To what extent does the World Heritage status transform places? This international conference in Oslo 14-15 November 2013 aims to bring the research and management communities together for two fruitful days of dissemination and discussion.
Since the 1990s World Heritage has been portrayed as a marker of transformation, from economic growth, increased tourism, regeneration to more intangible aspects of local pride and global recognition. In the last five years research on the effects of World Heritage inscription has shown that World Heritage status is not synonymous with tangible benefits such as increased funding and tourism. Yet it has proved much more difficult to pin down the more intangible consequences of World Heritage listing. Thus this conference invites speakers to explore a series of specific questions related to the tangible and intangible transformations of World Heritage inscription:
What impact does World Heritage status have?
To what extent does the World Heritage transform places?
More empirically, how does the World Heritage status impact and possibly transform places?
How is World Heritage status used and does it really generate change?
As World Heritage is a field where research and management have a close relationship, we aim to bring the research and management communities together for two fruitful days of dissemination and discussion. Thus we would like to invite speakers with different disciplinary backgrounds to explore and approach these questions of transformation in a broad sense using examples from all over the world focusing on either the more tangible or intangible aspect of change. At present we envision papers will be grouped thematically into sessions focused on central empirical areas of the following World Heritage fields:
World Heritage and historic cities
Here we welcome papers based on case studies that explore very physical and tangible processes such as regeneration and gentrification, how these processes may impact patterns of habitation and the relationship between the citizens of the cities and their managers, as well as topics of branding and tourism.
World Heritage and indigenous communities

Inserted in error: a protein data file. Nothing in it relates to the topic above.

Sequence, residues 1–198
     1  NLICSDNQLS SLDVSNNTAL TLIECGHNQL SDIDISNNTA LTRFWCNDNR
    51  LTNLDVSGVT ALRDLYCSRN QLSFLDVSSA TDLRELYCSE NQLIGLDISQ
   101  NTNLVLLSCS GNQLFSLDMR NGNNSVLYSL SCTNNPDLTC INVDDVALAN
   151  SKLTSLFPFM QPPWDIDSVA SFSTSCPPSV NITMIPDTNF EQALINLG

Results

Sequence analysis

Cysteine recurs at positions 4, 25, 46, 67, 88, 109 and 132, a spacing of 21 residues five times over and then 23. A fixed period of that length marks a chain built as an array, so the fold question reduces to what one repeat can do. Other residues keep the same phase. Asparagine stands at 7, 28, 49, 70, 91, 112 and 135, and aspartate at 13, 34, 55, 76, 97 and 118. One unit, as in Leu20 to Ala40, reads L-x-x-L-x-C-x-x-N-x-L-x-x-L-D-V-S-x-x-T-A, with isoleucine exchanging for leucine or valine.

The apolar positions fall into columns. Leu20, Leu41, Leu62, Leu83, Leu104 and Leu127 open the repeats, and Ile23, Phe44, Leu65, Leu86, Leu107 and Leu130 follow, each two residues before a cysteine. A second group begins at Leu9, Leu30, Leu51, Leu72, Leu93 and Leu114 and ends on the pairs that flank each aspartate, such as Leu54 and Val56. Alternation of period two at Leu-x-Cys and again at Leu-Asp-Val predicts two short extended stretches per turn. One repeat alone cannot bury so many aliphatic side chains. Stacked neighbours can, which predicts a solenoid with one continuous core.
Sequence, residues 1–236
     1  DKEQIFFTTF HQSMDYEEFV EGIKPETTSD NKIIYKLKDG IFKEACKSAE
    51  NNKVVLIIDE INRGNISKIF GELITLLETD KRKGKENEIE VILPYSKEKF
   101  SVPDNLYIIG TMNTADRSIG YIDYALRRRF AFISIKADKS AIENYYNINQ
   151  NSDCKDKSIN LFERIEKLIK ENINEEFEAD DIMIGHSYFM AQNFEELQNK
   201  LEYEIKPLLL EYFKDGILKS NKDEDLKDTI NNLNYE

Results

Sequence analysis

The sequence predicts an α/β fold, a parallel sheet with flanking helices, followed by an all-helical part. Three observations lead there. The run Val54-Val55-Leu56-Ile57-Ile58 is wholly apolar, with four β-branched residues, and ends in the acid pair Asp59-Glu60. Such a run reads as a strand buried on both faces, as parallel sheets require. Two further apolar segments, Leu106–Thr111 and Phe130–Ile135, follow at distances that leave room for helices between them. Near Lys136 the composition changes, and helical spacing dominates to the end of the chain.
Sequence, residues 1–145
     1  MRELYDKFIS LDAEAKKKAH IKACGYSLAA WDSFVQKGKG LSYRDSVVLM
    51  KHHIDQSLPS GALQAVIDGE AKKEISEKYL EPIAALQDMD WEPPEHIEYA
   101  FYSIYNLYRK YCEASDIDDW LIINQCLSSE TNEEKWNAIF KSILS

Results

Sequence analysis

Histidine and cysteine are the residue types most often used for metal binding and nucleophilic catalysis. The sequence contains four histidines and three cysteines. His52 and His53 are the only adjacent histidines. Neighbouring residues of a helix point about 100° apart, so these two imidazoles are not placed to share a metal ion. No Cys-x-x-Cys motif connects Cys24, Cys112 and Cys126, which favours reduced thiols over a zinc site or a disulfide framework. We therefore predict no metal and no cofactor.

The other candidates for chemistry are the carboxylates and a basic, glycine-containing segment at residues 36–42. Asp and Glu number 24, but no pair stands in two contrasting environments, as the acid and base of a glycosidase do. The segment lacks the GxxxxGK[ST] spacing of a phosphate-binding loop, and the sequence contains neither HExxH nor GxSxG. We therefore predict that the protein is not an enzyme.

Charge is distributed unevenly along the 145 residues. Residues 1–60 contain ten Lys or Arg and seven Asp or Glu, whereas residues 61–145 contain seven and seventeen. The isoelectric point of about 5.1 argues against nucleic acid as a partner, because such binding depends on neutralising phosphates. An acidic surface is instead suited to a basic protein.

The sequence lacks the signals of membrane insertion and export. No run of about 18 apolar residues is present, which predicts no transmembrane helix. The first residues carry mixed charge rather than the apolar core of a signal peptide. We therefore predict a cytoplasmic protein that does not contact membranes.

Many indigenous communities are associated with different natural and cultural World Heritage sites/areas, and we invite speakers to reflect upon the impact World Heritage status has had on indigenous communities’ struggles for empowerment, relations with management communities, the tourism sector and so forth.
World Heritage and natural heritage management
In this session we would encourage speakers to reflect upon topics such as how the World Heritage status may impact environmental management, the way in which the natural heritage sites are conceptualized, changes in patterns of recreational use and tourism.
World Heritage and international politics/relations
As areas are inscribed on the World Heritage list, they become part of a large international heritage network; how does the inclusion into an international network transform and impact management and local communities’ views of the place and a sense of being part of a network?
In addition to regular sessions and keynotes we hope to finish the seminar with a public debate looking back on the 40th anniversary of the World Heritage Convention.
Cost: The conference is free to attend and will include lunch for all both days. Location: The conference will be hosted at the Blindern Campus of the University of Oslo.
The conference is organised and funded by the interfaculty research program Kultrans (Cultural Transformations in the Age of Globalisation), University of Oslo.